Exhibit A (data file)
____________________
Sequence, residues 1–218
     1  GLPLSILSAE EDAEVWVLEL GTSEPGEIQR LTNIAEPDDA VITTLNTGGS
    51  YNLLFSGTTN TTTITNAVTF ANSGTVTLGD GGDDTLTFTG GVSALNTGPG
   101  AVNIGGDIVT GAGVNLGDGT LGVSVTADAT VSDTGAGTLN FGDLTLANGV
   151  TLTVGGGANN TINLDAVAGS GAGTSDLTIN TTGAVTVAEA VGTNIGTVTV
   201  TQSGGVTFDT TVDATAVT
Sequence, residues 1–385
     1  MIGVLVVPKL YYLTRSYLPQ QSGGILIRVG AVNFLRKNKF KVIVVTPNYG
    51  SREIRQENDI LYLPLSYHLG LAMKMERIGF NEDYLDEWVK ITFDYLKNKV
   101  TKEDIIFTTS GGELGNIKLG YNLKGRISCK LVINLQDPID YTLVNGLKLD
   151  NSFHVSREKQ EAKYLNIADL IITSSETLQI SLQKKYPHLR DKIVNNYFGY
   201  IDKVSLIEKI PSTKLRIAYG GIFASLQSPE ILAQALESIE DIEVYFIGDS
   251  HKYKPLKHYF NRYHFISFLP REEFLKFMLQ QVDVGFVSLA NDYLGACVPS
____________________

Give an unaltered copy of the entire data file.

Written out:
Sequence, residues 1–218
     1  GLPLSILSAE EDAEVWVLEL GTSEPGEIQR LTNIAEPDDA VITTLNTGGS
    51  YNLLFSGTTN TTTITNAVTF ANSGTVTLGD GGDDTLTFTG GVSALNTGPG
   101  AVNIGGDIVT GAGVNLGDGT LGVSVTADAT VSDTGAGTLN FGDLTLANGV
   151  TLTVGGGANN TINLDAVAGS GAGTSDLTIN TTGAVTVAEA VGTNIGTVTV
   201  TQSGGVTFDT TVDATAVT
Sequence, residues 1–385
     1  MIGVLVVPKL YYLTRSYLPQ QSGGILIRVG AVNFLRKNKF KVIVVTPNYG
    51  SREIRQENDI LYLPLSYHLG LAMKMERIGF NEDYLDEWVK ITFDYLKNKV
   101  TKEDIIFTTS GGELGNIKLG YNLKGRISCK LVINLQDPID YTLVNGLKLD
   151  NSFHVSREKQ EAKYLNIADL IITSSETLQI SLQKKYPHLR DKIVNNYFGY
   201  IDKVSLIEKI PSTKLRIAYG GIFASLQSPE ILAQALESIE DIEVYFIGDS
   251  HKYKPLKHYF NRYHFISFLP REEFLKFMLQ QVDVGFVSLA NDYLGACVPS